Learning requires experience – on this we can all agree.  Even those who support traditional education are aware (though without the ability to fully incorporate it) that hands-on experience is required to incorporate information into our lives rather than in our short-term memory visitation.  I would venture to guess that more than 90% of “no” (or likewise negating phrase) usage is not based in any real rationale.  What people think of us or whether the situation makes us uncomfortable is not considered ‘real’ when weighed against the potential for the continued learning of our children. 

How, then, are “no” and its comrades in negation used?  I can think only of two situations:

1) My child’s exploration is impinging on the freedoms of others.

2) My child is unknowingly putting him/herself in serious danger.

Even with these there are considerations and the evaluation of whether we are clinging to the potential for these two to be true (b/c it makes the situation easier for US) or if they actually do apply to the situation.  Mild injury is not serious injury and can be a significant learning experience.  Dirtying their clothes does not constitute impinging on your freedoms b/c you are the family launderer. 

Tremendous liberation for all of us lies in the deep analysis of our use of negating statements and redirection.   Not only do we open ourselves to the joy of exploration and revel in our role as the supporters of our children’s constant learning, but we regain/maintain the integrity of “no” for those situations in which it is truly needed.  Our opposition to behaviors and activities is taken much more seriously and with value by our children when it used sparingly and with regard to their need to explore their world.  Children who do not hear “no” constantly stop in their tracks when it is uttered by their trusted adult.  Just as needed to support our children, so should the word “no” be used.

Note to my friends from Clan of Parents (May 9, 2010 post ‘Going Up’) – I request that my children not climb on the kitchen counters, walls, etc. with ‘playground feet’ and that they move glassware so that there is less of a chance of breakage/injuries.  This is generally honored but sometimes forgotten.  This is the basis of a consensual relationship in which all parties are respected- freedom supporting freedom.  They explore in plain sight because they know I support them and will help them without question as requested.  My “no”s are generally rooted in reality and rationale.  When they’re not, my astute youngsters respect my need for them to pause while picking apart my holey negations to transparency so that even I can see the ludicrous lack of foundation.  Those moments are the true “teaching moments”- the ones in which I learn more about me.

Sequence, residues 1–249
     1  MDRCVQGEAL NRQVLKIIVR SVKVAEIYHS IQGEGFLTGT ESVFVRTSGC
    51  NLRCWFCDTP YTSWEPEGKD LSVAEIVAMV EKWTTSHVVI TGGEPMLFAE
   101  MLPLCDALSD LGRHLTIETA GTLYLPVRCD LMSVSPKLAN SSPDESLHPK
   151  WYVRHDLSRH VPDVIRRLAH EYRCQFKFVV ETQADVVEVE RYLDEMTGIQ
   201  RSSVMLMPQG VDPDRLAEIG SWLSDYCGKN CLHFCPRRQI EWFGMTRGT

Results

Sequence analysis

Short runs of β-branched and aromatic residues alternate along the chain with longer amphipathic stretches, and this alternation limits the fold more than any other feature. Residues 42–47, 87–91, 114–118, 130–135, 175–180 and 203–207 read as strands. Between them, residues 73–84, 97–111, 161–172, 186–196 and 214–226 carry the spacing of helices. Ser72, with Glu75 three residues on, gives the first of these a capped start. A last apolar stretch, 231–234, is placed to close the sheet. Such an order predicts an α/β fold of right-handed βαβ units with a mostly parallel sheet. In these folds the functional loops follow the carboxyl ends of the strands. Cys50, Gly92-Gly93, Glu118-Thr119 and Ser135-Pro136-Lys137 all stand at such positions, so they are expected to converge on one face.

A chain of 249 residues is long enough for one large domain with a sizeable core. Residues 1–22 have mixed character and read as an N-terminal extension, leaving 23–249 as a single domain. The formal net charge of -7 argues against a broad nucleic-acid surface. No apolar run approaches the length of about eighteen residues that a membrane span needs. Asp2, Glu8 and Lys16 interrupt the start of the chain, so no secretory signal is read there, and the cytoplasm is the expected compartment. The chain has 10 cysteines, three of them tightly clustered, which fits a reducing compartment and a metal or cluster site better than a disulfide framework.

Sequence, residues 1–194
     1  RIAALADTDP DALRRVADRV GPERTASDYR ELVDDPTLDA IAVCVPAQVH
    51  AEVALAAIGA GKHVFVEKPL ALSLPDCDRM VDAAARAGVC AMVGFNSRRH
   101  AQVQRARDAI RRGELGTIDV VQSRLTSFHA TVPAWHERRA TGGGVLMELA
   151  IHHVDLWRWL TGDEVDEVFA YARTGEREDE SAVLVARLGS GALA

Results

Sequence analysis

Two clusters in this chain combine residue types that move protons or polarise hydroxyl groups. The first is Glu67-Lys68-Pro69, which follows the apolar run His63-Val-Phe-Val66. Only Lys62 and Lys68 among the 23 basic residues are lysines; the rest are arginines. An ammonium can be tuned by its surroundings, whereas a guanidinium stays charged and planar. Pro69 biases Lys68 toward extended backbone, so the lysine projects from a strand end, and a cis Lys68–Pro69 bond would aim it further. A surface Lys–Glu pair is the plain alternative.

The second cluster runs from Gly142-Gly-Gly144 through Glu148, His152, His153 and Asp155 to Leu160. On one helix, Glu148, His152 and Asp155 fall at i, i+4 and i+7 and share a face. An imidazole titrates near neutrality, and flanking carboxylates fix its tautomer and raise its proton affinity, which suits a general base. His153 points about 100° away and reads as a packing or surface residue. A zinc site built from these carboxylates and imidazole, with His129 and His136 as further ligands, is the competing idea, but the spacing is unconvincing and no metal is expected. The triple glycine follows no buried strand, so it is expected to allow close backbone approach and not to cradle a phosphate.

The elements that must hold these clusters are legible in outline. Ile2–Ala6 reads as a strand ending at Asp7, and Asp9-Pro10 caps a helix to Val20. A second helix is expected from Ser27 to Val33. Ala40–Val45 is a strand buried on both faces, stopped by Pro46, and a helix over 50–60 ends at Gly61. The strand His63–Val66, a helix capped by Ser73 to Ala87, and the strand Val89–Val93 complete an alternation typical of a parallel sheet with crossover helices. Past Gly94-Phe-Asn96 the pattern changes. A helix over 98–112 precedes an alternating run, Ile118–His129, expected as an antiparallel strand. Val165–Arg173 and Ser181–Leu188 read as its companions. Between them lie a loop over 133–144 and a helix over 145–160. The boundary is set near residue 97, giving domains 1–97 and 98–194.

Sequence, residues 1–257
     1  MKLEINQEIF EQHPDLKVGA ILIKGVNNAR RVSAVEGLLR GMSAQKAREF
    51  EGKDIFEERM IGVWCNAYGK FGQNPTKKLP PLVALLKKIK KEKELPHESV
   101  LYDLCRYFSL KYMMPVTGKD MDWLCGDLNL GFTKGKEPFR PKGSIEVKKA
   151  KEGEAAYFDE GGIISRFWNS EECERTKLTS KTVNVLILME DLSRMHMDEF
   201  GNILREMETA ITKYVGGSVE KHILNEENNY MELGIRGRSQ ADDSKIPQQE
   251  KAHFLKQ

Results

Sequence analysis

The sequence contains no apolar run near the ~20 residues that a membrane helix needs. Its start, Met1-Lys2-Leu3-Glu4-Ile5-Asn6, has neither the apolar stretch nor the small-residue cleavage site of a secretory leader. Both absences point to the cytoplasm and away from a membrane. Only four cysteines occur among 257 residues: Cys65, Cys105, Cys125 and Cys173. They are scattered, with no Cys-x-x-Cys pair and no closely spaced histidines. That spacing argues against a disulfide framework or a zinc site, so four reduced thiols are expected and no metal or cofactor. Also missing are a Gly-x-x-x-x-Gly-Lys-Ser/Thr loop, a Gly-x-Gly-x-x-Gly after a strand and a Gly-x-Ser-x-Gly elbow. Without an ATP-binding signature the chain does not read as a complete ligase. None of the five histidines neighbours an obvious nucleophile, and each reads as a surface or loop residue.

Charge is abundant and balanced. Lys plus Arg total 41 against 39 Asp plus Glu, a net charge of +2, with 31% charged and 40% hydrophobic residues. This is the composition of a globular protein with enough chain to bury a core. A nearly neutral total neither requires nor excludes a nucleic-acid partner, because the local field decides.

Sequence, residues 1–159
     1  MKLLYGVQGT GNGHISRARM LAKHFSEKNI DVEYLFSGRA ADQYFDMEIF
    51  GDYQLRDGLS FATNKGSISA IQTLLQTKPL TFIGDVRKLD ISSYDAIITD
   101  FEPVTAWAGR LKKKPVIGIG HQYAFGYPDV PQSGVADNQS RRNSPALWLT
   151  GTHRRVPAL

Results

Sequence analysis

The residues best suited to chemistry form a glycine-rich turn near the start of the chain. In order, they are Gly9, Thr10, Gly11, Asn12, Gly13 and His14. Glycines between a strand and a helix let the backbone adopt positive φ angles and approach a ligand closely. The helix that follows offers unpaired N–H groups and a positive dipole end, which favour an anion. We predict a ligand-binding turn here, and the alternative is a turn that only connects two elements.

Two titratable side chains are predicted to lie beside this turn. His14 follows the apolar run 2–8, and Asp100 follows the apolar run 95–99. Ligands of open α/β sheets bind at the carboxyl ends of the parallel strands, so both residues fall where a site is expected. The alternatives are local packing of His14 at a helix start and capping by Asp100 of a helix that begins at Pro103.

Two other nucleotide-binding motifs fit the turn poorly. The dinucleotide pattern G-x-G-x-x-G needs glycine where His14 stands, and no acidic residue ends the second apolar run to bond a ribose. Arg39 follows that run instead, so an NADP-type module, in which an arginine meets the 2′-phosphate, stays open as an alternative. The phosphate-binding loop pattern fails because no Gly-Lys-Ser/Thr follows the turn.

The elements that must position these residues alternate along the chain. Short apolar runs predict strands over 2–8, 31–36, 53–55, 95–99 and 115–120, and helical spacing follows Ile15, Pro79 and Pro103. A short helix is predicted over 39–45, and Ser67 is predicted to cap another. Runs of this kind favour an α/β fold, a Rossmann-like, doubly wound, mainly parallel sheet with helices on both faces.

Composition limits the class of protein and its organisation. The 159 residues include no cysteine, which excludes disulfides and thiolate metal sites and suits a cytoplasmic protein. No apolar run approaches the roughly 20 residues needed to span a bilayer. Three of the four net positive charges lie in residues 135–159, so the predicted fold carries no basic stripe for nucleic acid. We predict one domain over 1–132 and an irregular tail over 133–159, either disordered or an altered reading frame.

HB #22- Supremely Socialized

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Are homeschooled children social misfits?  Socialization is a primary source of concern in discussions of homeschooling- surpassing even maintenance of educational standards.  Join me as I share research, evidence, and perceptions of socialization similarities and disparities related to educational avenue.

Thanks to Casey- North Dakota, USA- for inspiring this show’s topic.

(Wikipedia) Socialization– Socialization is a term used by sociologists, social psychologists, anthropologists, politicians and educationalists to refer to the process of inheriting norms, customs and ideologies… it describes a process which may or may not affect the reflexive agent, and which may or may not lead to desirable, or ‘moral’, outcomes.

Social Skills and Homeschooling: Myths and Facts by Isabel Shaw

The Hurried Child by Dr. Raymond Moore 

Comparison of Social Adjustment Between Home and Traditionally Schooled Students by Edward L. Shyers, Ph.D., University of Florida, 1992

Have Fun. Learn Stuff. Grow. by David Albert

Homeschooling Grows Up-  HSLDA- 2003 Study

Fifteen Years Later: Home-Educated Canadian Adults- Canadian Centre for Home Education- 1994